Simanaitis Says

On cars, old, new and future; science & technology; vintage airplanes, computer flight simulation of them; Sherlockiana; our English language; travel; and other stuff

ALEISTER CROWLEY—A FIRST-RATE NUT CASE PART 1

HERE’S A guy who invented his own religion, practiced English Magick, channeled an ancient supernatural Egyptian, popped recreational drugs, climbed Himalayan peaks, and maybe even acted as a British intelligence agent. Aleister Crowley was a real piece of work, some say a first-rate nut case.

Edward Alexander Crowley, 1875–1947, English occultist, magician, poet, painter, novelist, and mountaineer. Founder of Thelema, possible Satanist. Image c. 1912.

Crowley was born in 1875 into an English family of evangelical Christians who had a lucrative brewing business. In his teens, he worked hard rejecting any of this pious upbringing: He smoked, practiced self-abuse, and contracted gonorrhea from a prostitute. Crowley also acquired an interest in mountaineering, climbing the Bernese Alpine peaks of Eiger, Trift, Jungfrau, Mönch, and Wetterhorn before turning 20.

Crowley entered Trinity College, Cambridge University in 1895, initially enrolled for the Moral Science Tripos studying philosophy.

Given his life’s choices to this point, can you top Crowley’s choice of major?

Crowley’s three years at Cambridge included his first mystical experience, recognition of a preferred bisexuality, a case of syphilis, and his interest in English Magick.

In 1898, Crowley was initiated into an occult society known as the Hermetic Order of the Golden Dawn. Maybe he joined the order under cover for British intelligence; maybe not. He rose through the lower grades of the Order, though, according to Wikipedia, “He was unpopular in the group; his bisexuality and libertine lifestyle had gained him a bad reputation.”

Apparently English Magick and ritualistic use of drugs didn’t harm one’s cred among Golden Dawners.

Crowley during his Golden Dawn years.

In 1900, Crowley set out to travel the world. This included Mexico (was he there pursuing oil prospects for British intelligence or to climb Iztaccihuatl, Popacatepetl, and Colima?), San Francisco, and then across the Pacific to Hawaii and Japan (and a shipboard fling with a married woman named Mary Alice Rogers).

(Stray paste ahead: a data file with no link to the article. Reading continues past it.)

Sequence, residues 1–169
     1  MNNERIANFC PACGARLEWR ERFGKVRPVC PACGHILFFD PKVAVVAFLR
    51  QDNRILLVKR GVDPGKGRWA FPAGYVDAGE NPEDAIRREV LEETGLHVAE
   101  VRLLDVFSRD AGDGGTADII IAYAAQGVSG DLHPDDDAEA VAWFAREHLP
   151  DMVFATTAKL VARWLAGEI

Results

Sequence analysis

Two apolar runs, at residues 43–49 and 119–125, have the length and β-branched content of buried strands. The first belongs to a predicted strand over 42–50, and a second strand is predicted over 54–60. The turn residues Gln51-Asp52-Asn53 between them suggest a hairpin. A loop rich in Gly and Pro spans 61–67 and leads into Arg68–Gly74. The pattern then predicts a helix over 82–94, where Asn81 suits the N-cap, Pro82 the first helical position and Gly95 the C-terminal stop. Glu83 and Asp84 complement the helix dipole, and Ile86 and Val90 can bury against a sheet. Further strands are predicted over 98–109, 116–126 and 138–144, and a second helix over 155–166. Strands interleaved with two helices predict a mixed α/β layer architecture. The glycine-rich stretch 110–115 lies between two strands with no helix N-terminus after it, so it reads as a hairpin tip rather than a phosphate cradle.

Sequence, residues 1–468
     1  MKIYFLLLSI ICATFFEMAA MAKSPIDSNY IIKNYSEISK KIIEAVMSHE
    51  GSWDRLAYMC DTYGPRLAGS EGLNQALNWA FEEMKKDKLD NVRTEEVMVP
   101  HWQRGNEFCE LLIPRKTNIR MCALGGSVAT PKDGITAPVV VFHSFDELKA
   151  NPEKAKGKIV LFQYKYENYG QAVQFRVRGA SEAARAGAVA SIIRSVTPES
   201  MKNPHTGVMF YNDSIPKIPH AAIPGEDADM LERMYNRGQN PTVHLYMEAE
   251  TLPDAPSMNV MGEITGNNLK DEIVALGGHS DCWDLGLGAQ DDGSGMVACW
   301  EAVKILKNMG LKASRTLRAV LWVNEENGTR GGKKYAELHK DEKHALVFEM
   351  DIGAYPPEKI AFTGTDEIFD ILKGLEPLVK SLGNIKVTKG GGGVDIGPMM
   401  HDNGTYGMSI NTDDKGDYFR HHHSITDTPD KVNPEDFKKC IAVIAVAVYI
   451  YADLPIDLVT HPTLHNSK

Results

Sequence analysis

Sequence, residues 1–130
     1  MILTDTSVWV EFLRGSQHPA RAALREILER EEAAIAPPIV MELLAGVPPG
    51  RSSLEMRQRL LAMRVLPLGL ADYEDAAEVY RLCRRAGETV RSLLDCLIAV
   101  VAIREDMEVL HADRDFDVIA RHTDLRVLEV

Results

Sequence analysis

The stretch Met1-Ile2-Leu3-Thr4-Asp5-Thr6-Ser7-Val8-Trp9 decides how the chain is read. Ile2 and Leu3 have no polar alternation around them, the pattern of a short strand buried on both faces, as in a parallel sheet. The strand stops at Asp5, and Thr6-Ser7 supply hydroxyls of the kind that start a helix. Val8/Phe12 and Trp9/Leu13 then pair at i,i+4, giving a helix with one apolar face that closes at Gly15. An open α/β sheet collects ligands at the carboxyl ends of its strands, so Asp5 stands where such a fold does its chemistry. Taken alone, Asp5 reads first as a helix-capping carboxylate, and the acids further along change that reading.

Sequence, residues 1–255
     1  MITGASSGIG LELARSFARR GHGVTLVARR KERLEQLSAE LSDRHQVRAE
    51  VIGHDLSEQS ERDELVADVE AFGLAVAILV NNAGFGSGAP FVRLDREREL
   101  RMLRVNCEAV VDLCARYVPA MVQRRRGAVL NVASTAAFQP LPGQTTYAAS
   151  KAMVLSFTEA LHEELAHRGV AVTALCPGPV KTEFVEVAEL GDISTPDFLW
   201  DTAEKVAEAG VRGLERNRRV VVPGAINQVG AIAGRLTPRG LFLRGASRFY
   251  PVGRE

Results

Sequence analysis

Apparently one to kiss and tell, Crowley published a set of poems in 1903 called Alice: An Adultery.

In Ceylon he visited Kandy, home of Sri Dalada Maligawa, The Temple of the Tooth Relic.

Almost completing his circumnavigation, Crowley hung out in Paris in 1902, where he wrote a series of poems about acquaintance Auguste Rodin, sculptor of, among other things, The Thinker. He also met novelist W. Somerset Maugham, whose character in The Magician, 1908, is patterned after Crowley.

If the foregoing makes Crowley appear something of a Brit lit lion, and not going on to further hijinks, rest easy: Upon returning to England, he married a friend’s sister, Rose Edith Kelly, which managed to screw up the friendship and appall the Kelly family.

On their honeymoon, in February 1904 the couple arrived in Cairo. Crowley set up an apartment as an Egyptian temple and sought to channel ancient deities. Wikipedia notes, “According to Crowley’s later account, Rose regularly became delirious and informed him ‘they are waiting for you.’ ”

Clearly a marriage made in heaven. Or somewhere or other.

Tomorrow in Part 2, we’ll learn what Alwass the supernatural communicated to Crowley, and how this ancient Egyptian’s message of “Do What Thou Wilt” resulted eventually in a tribute on a Beatle album. ds

© Dennis Simanaitis, SimanaitisSays.com, 2017

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